MorningWord 5/6/13: Not sure about you guys but since Friday evening, when Berkshire Hathaway reported Q1 results that handily beat Wall Street expectations and CEO Warren Buffett hosted the company’s annual shareholder meeting, I need a little Buffer from the Oracle of Omaha. To attempt to knock at this routine and long term investment success is just ridiculous – there are probably few that have ever been better. But at this point, after all these years, my sense is that the real “alpha” generated in his vast portfolio of corporate and equity holdings has a ton to do with the sweetheart deals he gets during crisis. While the rest of the financial world was melting btwn 2008 and 2011, from the U.S. to Europe, Buffett sat back in his humble surroundings and waited for the phone to ring from the C-Level suite of almost every major financial institution looking to get the “Buffett Bump” in the form of a crisis deal that would likely be the floor in the stock. You know whose call he didn’t pick up? Alan Schwartz (Bear Stearns) or Dick Fuld (Lehman Brothers). But he most certainly picked up Lloyd Blankefien (GS), Jeff Immelt (GE), and Brian Moynihan’s (BAC) calls! And he is very glad he did as the deals he struck earned far greater profits than if he had just bought the stock at the time!
It’s just amazing to me that the guy who was the investor of last resort for some of the largest financial institutions in the world during the worst financial crisis since the Great Depression still had holdings in companies like Dairy Queen, Sees Candies & Fruit of the Loom all under the same umbrella.
Despite the massive Berkshire Love-Fest over the last 72 hours, my Options Action friend Carter Worth of Oppenheimer, attempted to rain on the Buffet parade Friday evening, with his bearish technical view on the stock:
Carter thinks that in the case of BRK/B “Price is Discounting the Facts”. I don’t have a view on the stock other than as long as the market keeps chugging along, so will Berkshire as the stock has essentially traded in lock step with the SPX since the 2009 bottom sporting an almost identical gain off of the lows.
Carter thinks the stock could have met an inflection point given certain technical divergences. The producers of Options Action asked me to construct a trade structure that would be inline with Carter’s near term bearish view and give a good defined risk, risk/reward structure. Again I have no position in BRK/B and never have, but if you wanted to try to “Fade the Oracle” btwn now and Sept this is one way to do it (the stock is up 2.50 in the pre-market, so this was based off of Friday’s close of $108.65):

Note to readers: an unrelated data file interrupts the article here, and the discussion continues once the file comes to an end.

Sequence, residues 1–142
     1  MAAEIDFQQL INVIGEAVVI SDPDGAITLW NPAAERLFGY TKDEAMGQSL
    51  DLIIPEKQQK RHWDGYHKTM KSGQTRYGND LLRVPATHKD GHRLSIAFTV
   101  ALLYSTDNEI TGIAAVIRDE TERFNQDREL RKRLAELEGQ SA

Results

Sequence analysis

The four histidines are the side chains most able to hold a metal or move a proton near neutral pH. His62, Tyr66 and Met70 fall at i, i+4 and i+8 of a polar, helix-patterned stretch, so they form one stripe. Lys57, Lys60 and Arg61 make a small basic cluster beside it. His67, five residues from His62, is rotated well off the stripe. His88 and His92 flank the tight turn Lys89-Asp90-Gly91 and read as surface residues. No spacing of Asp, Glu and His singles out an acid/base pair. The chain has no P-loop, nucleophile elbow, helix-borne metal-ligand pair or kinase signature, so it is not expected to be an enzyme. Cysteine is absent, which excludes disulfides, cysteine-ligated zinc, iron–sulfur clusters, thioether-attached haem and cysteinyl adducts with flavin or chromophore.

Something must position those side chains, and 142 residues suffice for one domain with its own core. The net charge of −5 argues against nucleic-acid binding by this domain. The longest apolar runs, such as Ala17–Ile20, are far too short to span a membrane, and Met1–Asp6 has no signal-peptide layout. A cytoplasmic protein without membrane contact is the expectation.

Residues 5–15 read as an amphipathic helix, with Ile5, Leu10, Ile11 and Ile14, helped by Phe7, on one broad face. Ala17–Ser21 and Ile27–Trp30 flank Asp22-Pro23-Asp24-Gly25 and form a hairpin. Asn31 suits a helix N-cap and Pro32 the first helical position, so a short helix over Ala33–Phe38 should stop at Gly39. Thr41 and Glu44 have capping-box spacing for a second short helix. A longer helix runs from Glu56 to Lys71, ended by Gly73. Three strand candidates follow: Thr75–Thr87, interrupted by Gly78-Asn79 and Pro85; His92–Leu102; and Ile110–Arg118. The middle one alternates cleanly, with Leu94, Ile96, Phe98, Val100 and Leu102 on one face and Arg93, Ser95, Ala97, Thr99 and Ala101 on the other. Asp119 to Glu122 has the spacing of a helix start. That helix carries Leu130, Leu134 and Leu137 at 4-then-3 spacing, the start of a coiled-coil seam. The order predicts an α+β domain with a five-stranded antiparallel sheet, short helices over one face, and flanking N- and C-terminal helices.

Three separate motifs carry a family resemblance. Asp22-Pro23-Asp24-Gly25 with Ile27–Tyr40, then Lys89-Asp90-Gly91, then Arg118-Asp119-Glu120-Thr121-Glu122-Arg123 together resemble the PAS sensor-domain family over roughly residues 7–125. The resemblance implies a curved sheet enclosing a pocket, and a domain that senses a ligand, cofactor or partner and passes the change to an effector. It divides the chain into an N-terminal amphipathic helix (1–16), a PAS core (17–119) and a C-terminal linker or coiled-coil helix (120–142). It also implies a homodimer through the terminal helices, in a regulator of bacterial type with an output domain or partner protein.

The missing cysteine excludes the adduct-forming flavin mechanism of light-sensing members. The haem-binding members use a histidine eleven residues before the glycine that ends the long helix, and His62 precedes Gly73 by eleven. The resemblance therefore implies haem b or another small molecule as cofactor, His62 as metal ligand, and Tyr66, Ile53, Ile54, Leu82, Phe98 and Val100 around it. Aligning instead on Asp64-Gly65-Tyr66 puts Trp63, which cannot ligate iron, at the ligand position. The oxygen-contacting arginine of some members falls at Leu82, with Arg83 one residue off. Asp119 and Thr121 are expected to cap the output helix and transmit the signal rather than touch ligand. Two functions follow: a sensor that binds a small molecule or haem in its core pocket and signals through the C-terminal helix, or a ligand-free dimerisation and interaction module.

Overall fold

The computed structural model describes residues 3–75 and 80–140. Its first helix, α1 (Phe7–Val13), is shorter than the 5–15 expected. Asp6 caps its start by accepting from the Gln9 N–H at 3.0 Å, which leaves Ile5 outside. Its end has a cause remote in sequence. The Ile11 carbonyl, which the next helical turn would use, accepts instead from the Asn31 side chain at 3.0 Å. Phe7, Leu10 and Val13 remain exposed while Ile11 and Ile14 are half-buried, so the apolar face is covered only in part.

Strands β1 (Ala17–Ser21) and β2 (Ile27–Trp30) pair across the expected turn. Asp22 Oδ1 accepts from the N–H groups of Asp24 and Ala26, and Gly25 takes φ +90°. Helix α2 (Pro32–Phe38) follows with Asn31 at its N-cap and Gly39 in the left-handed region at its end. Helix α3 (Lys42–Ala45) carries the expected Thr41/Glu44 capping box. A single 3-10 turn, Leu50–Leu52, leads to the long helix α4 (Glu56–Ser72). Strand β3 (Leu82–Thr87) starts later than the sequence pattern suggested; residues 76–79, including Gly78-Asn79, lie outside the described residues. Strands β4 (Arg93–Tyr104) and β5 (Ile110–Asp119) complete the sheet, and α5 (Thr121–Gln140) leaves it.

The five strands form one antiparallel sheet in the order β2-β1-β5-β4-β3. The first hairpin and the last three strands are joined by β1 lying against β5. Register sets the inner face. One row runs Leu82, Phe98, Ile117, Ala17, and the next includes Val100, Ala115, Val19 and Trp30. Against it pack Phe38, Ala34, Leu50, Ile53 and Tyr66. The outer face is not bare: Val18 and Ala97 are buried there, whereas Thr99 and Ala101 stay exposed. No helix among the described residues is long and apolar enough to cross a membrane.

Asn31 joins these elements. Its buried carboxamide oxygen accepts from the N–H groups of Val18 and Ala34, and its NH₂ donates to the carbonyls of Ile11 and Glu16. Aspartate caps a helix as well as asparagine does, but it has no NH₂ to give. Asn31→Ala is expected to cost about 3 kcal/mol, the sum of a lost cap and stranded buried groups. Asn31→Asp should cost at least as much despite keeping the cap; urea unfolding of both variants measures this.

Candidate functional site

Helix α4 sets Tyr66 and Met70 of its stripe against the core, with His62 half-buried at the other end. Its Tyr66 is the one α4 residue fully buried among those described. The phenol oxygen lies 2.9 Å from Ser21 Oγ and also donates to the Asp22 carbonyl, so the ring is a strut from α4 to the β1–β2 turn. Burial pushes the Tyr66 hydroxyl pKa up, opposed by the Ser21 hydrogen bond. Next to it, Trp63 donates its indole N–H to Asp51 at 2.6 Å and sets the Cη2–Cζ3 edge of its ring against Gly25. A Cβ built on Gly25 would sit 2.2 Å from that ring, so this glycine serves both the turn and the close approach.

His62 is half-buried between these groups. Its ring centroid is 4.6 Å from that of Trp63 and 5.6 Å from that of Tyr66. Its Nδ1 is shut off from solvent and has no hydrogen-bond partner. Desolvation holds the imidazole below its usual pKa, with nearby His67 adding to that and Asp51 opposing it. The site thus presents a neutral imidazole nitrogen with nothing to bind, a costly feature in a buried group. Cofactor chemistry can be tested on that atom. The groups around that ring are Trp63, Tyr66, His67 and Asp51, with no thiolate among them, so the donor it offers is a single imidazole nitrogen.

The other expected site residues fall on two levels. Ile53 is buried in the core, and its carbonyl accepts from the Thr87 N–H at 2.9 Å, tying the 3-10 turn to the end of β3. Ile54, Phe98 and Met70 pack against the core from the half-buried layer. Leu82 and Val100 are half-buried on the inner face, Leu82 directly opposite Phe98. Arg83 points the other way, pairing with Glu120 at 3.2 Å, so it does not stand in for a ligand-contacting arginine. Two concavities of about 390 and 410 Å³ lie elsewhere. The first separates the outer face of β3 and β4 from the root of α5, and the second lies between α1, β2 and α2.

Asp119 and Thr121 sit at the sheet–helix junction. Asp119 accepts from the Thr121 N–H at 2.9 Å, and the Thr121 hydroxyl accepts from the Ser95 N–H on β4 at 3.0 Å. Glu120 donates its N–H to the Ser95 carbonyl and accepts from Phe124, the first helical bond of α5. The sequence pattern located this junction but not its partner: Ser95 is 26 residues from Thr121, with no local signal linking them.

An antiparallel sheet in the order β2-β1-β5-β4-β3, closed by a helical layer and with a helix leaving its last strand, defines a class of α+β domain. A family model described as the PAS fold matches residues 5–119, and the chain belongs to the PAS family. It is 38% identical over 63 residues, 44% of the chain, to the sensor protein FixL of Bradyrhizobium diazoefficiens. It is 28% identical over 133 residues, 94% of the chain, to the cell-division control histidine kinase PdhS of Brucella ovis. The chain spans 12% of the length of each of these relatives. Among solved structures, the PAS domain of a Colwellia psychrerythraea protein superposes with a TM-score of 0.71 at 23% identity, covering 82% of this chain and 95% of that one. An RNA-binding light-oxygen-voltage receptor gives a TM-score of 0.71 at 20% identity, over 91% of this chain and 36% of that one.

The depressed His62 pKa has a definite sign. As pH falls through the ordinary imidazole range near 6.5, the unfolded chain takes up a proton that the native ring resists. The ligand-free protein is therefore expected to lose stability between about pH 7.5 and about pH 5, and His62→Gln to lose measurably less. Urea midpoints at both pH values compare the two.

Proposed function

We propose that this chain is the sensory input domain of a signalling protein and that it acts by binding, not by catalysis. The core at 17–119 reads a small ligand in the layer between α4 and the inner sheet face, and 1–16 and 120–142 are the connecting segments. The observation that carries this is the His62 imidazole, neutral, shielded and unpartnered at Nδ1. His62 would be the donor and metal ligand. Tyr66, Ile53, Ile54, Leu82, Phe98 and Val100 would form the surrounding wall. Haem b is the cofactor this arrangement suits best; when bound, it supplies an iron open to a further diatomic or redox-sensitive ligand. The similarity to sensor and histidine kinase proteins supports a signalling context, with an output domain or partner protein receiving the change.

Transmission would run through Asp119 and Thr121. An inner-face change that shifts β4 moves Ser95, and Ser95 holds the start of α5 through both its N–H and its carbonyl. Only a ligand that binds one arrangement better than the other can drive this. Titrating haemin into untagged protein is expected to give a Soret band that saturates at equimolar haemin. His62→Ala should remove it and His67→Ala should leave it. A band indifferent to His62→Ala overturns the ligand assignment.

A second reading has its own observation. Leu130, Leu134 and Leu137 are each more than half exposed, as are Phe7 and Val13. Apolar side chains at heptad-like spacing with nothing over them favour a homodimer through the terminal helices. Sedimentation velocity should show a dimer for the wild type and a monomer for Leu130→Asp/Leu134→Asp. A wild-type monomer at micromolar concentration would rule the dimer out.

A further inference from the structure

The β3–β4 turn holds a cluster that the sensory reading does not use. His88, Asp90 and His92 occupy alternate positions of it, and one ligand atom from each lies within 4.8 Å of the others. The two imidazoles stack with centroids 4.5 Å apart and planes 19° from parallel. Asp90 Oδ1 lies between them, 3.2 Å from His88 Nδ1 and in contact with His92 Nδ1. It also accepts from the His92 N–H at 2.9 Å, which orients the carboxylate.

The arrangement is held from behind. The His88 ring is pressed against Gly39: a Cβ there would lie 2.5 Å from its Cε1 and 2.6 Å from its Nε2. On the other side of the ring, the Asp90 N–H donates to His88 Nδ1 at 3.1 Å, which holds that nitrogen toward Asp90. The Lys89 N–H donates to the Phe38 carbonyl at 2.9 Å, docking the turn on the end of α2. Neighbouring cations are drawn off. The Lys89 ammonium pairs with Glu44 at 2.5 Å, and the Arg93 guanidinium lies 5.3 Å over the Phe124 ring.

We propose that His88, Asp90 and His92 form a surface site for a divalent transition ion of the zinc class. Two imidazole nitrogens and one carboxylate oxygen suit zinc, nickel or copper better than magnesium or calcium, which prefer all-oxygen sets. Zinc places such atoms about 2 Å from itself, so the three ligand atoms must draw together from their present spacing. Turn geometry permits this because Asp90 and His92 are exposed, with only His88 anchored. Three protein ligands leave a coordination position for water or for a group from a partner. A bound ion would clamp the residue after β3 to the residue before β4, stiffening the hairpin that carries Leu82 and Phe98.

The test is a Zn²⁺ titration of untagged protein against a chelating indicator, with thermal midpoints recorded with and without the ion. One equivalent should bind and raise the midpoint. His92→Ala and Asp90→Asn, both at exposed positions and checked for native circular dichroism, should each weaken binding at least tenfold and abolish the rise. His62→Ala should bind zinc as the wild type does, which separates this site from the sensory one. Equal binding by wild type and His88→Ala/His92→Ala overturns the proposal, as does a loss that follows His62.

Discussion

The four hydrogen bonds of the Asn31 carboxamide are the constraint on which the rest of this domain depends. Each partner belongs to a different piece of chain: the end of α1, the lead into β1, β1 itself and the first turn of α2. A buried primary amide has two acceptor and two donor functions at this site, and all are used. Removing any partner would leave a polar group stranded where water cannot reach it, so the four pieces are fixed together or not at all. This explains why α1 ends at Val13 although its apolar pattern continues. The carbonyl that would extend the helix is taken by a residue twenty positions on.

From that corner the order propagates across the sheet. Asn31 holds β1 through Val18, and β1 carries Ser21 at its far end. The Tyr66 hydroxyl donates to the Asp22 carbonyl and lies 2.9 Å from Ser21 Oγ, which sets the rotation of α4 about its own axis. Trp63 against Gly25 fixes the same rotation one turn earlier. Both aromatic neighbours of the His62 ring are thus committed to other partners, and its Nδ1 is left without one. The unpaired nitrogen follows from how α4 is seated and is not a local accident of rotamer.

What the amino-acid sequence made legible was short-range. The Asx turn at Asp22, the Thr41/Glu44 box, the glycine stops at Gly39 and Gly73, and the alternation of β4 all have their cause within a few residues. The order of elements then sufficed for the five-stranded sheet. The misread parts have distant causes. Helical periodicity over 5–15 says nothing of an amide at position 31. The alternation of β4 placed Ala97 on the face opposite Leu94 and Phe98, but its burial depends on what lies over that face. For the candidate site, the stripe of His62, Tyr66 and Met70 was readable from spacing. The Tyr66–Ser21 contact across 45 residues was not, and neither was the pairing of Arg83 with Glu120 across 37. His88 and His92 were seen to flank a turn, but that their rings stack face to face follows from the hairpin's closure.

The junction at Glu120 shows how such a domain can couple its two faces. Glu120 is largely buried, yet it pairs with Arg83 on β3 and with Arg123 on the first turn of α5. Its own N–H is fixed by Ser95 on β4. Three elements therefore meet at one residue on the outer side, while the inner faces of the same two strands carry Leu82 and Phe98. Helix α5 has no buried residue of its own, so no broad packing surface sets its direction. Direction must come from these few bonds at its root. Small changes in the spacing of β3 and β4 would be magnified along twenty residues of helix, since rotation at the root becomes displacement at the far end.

Theoretical Bearish Trade: BRK/B ($108.65) Buy Sept 105/100 Put Spread for 1.20
-Buy 1 Sept 105 Put for 2.60
-Sell 1 Sept 100 Put at 1.40
Break-Even on Sept Expiration:
-Profits btwn 103.80 and 100 of up to 3.80, max gain of 3.80 at 100 or below.
-Losses of up to 1.20 btwn 103.80 and 105 and max loss of 1.20 above 105.
Trade Rationale: Frankly if you wanted to be short BRK/B I don’t think you have to worry a whole heck of a lot about this stock adding another 20% any time soon at all time highs and up 21% on the year already, but if you are looking to trade it, risking ~1% over the next 4 months to play for an ~8.5% sell off that pays 3 to 1 with defined risk seems like a decent way to do it.
I guess in sum, it doesn’t make a lot of sense to bet against Buffett, just like it didn’t make a lot of sense to bet against Steve Jobs at AAPL. But all good things come to an end as was brutally evidenced by AAPL’s rise and fall since Jobs death. But in the case with AAPL, the aftershocks of departure (for the company and the stock) were not felt for almost a year. Shorting stocks because of key man risk isn’t smart, but when you have a company where the founder and leader of the company is the “special sauce” so to speak, investors have to remain vigilant. This warning is probably more directed at new investors in the stock who expect another 30 years of performance similar to the last 30. My sense is you probably won’t get it.